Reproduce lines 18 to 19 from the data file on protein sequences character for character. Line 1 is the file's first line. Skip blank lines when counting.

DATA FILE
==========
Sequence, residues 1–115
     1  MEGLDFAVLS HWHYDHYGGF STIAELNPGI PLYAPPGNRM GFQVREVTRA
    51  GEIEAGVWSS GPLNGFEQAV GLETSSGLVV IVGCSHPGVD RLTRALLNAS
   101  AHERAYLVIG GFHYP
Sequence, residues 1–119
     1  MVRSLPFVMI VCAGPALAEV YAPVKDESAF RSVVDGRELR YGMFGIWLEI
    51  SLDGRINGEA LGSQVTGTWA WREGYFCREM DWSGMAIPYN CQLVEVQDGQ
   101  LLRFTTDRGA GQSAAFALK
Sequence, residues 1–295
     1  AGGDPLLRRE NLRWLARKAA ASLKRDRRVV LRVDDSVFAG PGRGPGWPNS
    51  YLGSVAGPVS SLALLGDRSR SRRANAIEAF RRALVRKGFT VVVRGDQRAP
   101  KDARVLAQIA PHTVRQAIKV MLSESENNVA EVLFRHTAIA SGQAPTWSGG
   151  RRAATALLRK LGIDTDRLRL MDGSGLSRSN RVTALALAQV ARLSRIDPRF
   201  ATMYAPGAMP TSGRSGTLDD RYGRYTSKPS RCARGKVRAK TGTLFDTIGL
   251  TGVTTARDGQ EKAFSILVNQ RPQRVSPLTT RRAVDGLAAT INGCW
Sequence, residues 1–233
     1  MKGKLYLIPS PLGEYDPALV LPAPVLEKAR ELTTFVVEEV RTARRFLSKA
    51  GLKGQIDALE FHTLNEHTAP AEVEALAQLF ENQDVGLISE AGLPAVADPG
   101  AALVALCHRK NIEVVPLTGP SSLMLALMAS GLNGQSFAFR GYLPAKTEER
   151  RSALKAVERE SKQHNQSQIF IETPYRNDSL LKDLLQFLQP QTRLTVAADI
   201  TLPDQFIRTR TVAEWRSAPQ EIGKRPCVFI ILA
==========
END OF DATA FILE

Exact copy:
    51  GLKGQIDALE FHTLNEHTAP AEVEALAQLF ENQDVGLISE AGLPAVADPG
   101  AALVALCHRK NIEVVPLTGP SSLMLALMAS GLNGQSFAFR GYLPAKTEER